This type of creativity remains alive and well between Apple and its suppliers. Essentially, Apple has its own legion of companies trying to develop apps that make the iPhone better and better. There's no telling what the next big thing some app developer out there is creating right now that will be in iPhone 6 or beyond.

From the consumer's point of view, the iPhone will continue to be a success. Why? One word: subsidy. Because you and I and most other consumers pretty much expect to be tethered to a cell phone contract for the foreseeable future (if not a contract, at least a monthly payment plan), the subsidy model is protected for a while. I, like a lot of other smartphone users, am on a two-year contract with my wireless carrier. At the end of the two years, I look at my cellular plan and my smartphone needs (wants) and ask myself if the iPhone has been improved upon in the last two years enough to warrant a $199 purchase. For the last five years, the answer from most Apple customers has been a resounding yes. On top of that, because of the iPhone's quality and market value retention, you can sell your old iPhone on eBay (NASDAQ:EBAY) or directly to a host of other companies (GameStop (NYSE:GME), Gazelle, and even Apple itself) for a good portion of what you initially paid for it up front. This lessens the blow of a new purchase. Up till now, this value proposition has been a no-brainer for most people. For the consumer, it's a great deal because you can buy a brand new upgraded version for a subsidized cost of $199. For Apple, it's a great deal, because when you purchase your next phone, it gets the full $620 for it (from the cell phone company, that is). If, sometime in the future, the answer to this value proposition becomes a "No, it's not worth the $199," then waiting another year for the next iPhone upgrade is not a big deal. When the 4S was released last year, there were already articles out telling people to wait for the iPhone 5. So, this year, a lot of the people purchasing an iPhone 5 are upgrading from the 4 (released two years ago), or even the 3GS (released three years ago). Going from the 3GS to the 5 is like moving from a Mississippi trailer park to Martha's Vineyard (well maybe not quite, but you get the gist). So, what happens is you've got a wave of anywhere from two to four years of pent-up demand being unleashed on the market with every annual iPhone upgrade. And remember, Apple only has to come up with a portion of that innovation on its own, as already discussed.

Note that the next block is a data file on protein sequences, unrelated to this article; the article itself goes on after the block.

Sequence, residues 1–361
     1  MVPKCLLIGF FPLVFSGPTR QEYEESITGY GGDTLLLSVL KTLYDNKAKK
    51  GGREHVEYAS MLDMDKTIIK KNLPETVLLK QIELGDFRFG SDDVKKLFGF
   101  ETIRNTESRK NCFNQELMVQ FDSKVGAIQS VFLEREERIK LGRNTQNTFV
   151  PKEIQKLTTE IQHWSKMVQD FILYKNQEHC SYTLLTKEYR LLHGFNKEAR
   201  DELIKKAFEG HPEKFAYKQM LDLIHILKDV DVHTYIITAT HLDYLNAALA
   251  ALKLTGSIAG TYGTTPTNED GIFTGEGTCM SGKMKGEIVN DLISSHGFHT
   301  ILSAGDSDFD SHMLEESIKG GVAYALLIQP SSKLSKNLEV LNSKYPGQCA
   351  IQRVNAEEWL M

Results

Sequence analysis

One more point on the success of the iPhone and its future. There is a tidal wave of demand waiting in the wings in China, with 600 million China Mobile subscribers just waiting to get their hands on a version of the iPhone that is licensed for the China Mobile network. A China Mobile-approved iPhone has not yet been released, however, that event is expected any time now, and is on the radar screens of many Apple investors who consider this virtually untapped market the last geographic frontier for Apple's iPhone. The evidence of that demand is seen in the 15 million China Mobile subscribers who own iPhones, yet don't even have access to China Mobile's network. These users are perfectly happy using their Wifi connection, or slower 2G connections with unlocked iPhones. How much more utility will come to the user when 3G, or even 4G is enabled on a China Mobile-approved iPhone? Don't be surprised to see another wave of anywhere from 15-30 million units sold for that specific location when this happens.

As long as this catalyst remains untapped, the iPhone has an ace in the hole and the stock price has room to move. But even on the other side of a China Mobile announcement, Apple's iPhone should be well-protected from oncoming marauders by a deep moat of cash, patent protection, superior management, brand loyalty and collaborative innovation not only within the confines of Apple's Cupertino headquarters, but between its mutually beneficial relationships with its app developers and suppliers. Hopefully I'll have a chance soon to quantify what all this means for Apple, and its intrinsic valuation as a whole.

Source: Why Apple's iPhone Will Continue To Be Successful